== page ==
Friday, April 26, 2013

George Jones, 'the spirit of country,' who did things his way and is compared to Frank Sinatra, dies at 81

Associated Press photo by Mark Humphrey
"George Jones, the definitive country singer of the last half-century," as Jon Pareles of The New York Times dubs him, died today in a Nashville hospital at age 81 after being hospitalized for eight days with fever and irregular blood pressure.

Jones "was a legendary figure in country music," Pareles notes. "His singing, which was universally respected and just as widely imitated, found vulnerability and doubt behind the cheerful drive of honky-tonk. With a baritone voice that was as elastic as a steel-guitar string, he brought suspense to every syllable, merging bluesy slides with the tight, quivering ornaments of Appalachian singing." The Tennessean quotes country-music scholar Nick Tosches: “He is the spirit of country music, plain and simple.”

Terence McArdle of The Washington Post puts it in comparative and perhaps surprising terms: "Music writers often placed him in the same echelon as Frank Sinatra and Billie Holiday for his expressive and unguarded style." He also notes Jones's "marriage to Tammy Wynette was one of the most turbulent in country music." And Pareles notes, "As Mr. Jones sang about heartbreak and hard drinking, fans heard the echoes of a life in which success and excess battled for decades."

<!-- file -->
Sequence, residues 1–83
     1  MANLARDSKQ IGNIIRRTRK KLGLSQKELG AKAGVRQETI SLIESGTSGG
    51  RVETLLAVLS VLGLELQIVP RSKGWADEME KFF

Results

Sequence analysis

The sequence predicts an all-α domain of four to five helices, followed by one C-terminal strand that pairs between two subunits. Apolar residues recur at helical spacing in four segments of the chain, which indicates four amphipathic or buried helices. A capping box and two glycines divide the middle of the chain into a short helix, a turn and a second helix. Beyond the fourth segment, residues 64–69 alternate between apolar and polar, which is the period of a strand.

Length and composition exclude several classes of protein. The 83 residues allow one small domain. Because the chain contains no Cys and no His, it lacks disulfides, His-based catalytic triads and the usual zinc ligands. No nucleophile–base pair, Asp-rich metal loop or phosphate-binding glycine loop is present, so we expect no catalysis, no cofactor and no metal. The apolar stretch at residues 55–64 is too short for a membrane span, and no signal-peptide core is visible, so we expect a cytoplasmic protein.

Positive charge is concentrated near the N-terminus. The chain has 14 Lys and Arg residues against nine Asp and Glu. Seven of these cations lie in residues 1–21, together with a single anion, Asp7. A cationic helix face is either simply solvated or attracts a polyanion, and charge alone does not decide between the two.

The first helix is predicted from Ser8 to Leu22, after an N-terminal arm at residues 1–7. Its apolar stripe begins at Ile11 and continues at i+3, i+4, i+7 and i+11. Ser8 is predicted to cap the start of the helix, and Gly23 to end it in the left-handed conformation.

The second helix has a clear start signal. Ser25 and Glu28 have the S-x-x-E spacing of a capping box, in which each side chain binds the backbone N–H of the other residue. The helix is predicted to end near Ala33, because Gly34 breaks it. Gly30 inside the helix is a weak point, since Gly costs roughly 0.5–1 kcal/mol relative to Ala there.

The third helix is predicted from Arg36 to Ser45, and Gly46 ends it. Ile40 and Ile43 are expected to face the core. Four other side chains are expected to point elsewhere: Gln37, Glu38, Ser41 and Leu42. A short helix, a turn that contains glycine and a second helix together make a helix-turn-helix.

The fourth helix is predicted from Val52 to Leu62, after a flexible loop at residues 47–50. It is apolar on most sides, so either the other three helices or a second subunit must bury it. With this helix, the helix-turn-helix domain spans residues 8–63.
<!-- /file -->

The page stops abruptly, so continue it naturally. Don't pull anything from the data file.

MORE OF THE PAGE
Jones was born in a log cabin at Saratoga, Tex., northeast of Houston, to an alcoholic father who would "beat the boy if he didn’t sing for his drinking buddies," McArdle writes. He broke into the big time through the "Louisiana Hayride" in Shreveport. He was known for singing with "very different duet partners," such as Melba Montgomery and early '60s teen idol Gene Pitney, but "his most popular duets were with Tammy Wynette, whom he married in 1969. Wynette’s producer, Billy Sherrill, helped alter Mr. Jones’s image from a wild honky-tonker to a sensitive balladeer. Sherrill chose songs for both performers that mirrored their stormy on-again, off-again relationship. And their fans hung on to every word of every song." (Read more)'the 

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